Here are some of the important stagesfrom "Mademoiselle" Chanel’s exceptional career:
- In 1910, she set up her workshop at 21, Rue Cambon - Paris.
- Opening of a boutique in Deauville in 1913 that became the refuge of the chic during the First World War. Her policy was to offer a simplified wardrobe.
- In 1915, opening of a second boutique in Biarritz.
- In 1920 Gabrielle Chanel was inspired by Russia through the influence of her relationship with the Grand-duke Dimitri.
- From 1924 to 1931 she discovered the atmosphere of English comfort with the Duke of Westminster: tweeds, sweaters, and the male jacket.
- In 1926, Miss Chanel brings the small black dress out of its sad role of mourning and funerals. This little black dress was baptised by American Vogue as “Chanel’s Ford" and so practical that it could be found in every wardrobe. It is also around this time that Gabrielle Chanel created the foundations of her own style: She decorated her outfits with a multitude of fantasy baroque jewellery to break away from the severity of her outfits. Inspired by her personal treasures, it was mainly with Count Etienne de Beaumont, Madame Gripoix, and, after the Second World War, Robert Goossens that she made these different jewels.
- A wave of femininity then rose up after the 1929 slump that greatly participated in her international recognition (very fluid chiffon dresses, tulle and lace creations).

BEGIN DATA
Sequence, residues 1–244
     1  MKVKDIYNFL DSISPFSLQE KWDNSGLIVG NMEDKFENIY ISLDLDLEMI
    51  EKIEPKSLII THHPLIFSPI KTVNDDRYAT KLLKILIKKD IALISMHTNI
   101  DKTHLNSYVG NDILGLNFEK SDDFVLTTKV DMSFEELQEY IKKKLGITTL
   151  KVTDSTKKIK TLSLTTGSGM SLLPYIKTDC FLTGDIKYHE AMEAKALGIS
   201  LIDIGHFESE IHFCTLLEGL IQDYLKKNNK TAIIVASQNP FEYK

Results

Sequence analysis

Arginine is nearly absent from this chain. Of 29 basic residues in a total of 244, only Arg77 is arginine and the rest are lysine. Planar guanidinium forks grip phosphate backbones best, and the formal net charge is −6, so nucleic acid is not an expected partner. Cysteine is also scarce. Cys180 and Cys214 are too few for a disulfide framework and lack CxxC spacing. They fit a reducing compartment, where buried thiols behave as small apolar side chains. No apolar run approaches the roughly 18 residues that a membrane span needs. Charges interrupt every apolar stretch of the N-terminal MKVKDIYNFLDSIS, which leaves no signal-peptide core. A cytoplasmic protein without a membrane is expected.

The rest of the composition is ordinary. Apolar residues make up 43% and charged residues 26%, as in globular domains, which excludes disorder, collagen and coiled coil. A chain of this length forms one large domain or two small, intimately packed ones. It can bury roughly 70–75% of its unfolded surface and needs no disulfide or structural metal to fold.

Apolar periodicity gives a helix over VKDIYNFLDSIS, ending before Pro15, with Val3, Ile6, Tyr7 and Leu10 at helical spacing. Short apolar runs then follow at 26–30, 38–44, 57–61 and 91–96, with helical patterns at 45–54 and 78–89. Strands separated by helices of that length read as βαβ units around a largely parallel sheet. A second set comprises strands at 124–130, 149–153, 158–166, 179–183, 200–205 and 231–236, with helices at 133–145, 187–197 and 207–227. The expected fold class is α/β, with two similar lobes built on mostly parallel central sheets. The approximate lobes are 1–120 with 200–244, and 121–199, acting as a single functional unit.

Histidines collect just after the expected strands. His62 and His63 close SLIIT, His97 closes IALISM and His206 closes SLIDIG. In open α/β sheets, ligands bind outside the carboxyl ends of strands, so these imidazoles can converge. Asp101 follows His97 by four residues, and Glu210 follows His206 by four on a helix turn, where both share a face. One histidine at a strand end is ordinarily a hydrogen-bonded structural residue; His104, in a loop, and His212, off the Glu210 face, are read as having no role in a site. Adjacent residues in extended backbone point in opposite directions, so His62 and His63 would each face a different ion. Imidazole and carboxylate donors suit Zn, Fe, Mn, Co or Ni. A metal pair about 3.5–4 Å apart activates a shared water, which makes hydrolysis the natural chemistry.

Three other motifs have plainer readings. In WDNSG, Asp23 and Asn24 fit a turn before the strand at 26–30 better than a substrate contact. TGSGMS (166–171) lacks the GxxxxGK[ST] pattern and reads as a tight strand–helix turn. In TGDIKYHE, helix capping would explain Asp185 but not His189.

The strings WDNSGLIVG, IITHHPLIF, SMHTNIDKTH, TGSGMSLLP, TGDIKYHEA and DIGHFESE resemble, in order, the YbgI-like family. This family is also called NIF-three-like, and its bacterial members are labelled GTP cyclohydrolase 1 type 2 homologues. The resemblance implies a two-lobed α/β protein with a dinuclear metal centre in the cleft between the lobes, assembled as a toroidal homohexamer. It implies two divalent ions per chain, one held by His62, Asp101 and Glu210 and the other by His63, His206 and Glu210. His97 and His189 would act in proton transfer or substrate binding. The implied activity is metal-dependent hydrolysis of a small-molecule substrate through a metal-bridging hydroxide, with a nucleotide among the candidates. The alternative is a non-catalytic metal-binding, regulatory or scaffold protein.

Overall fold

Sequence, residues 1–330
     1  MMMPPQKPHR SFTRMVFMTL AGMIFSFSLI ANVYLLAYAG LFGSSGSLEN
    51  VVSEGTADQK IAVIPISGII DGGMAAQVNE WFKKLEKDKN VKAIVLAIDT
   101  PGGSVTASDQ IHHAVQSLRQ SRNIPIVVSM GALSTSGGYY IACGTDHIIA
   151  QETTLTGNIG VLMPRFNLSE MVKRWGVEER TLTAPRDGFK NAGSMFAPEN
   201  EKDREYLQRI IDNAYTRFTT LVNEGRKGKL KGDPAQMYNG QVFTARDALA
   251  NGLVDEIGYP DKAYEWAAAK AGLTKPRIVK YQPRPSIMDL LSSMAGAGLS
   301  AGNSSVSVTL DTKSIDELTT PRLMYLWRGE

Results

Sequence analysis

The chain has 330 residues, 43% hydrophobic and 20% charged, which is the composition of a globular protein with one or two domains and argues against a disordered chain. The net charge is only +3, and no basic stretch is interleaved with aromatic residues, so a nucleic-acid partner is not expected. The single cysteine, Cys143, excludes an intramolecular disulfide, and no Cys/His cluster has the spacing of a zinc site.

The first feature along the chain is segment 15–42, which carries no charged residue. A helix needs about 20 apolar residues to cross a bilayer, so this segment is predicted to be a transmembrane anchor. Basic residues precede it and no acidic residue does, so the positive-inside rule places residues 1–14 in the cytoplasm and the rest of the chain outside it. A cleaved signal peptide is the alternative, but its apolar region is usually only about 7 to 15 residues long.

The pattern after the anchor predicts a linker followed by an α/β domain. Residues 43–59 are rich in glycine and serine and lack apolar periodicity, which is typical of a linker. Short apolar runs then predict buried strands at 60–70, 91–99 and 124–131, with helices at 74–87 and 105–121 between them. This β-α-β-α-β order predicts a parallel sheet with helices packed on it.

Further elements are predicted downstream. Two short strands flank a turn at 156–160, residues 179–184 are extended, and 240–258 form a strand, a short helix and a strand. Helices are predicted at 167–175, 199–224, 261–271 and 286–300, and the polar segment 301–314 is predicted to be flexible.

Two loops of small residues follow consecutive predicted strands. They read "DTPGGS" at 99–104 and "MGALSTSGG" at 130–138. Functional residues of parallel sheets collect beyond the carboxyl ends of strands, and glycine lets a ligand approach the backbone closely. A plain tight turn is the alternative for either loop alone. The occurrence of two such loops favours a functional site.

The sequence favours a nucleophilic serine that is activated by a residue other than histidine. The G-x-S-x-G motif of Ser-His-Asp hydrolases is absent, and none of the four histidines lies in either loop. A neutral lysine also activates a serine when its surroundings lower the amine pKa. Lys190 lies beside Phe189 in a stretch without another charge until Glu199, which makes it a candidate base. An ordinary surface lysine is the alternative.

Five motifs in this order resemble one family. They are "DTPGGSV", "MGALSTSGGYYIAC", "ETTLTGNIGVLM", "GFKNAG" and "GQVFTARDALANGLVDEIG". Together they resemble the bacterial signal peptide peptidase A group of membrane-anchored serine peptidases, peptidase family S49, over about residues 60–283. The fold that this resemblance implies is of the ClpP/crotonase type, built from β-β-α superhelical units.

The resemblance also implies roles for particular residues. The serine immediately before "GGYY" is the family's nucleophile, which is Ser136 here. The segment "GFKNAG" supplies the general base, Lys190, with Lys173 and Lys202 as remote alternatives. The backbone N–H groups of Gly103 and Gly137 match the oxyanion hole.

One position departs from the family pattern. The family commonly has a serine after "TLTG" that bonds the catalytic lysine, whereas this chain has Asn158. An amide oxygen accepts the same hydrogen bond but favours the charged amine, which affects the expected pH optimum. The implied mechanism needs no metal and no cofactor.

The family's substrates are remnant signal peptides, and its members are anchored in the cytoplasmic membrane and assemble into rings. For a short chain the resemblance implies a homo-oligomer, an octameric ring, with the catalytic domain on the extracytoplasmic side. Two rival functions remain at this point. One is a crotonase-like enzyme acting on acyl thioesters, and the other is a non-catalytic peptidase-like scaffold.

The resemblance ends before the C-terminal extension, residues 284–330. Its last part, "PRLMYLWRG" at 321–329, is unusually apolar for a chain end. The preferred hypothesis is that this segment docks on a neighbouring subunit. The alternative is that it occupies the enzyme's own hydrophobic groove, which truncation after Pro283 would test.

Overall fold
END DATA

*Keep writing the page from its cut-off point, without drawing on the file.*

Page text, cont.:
- In 1921, launch of her first perfume created by Ernest Beaux, Chanel No.5 that became a best seller straightaway, and remains one to this day.
- Gabrielle Chanel worked on numerous films and theatre productions.
- Closure of her fashion house at the outbreak of the Second World War (during which she moved to the Ritz and then to Switzerland for 15 years).
- The New-Look imposed itself very quickly and American fashion inspired young people after the war.
- Return of Mademoiselle Chanel in 1954 when she produced the Chanel suit, designed it 1913, in all its splendour. With the suit, Chanel offered women outfits suitable for any time of day (as opposed to decorum that required a clean outfit at all times of day – cocktail dress, morning, afternoon or evening wear). Miss Chanel’s favourite material is tweed, flexible and authentic giving clothing a structure getting rid of the weight of interlining.
- Hand-finished hems, the fall of a jacket weighted by a small gold chain, the expert overstitching of linings were a few of the signs of her luxurious and elegant savoir-faire.
Until her death in 1971, Gabrielle Chanel strove to give the female body freedom of movement whilst remaining faithful to her overall conception of elegance...
In 1983, the Chanel empire found its successor, Karl Lagerfeld. He had the intelligence to be in perfect harmony with his era (fulfilling the requirements of the younger clientele) as far as the form was concerned, whilst remaining faithful to the Miss Chanel’s thinking on fundamentals.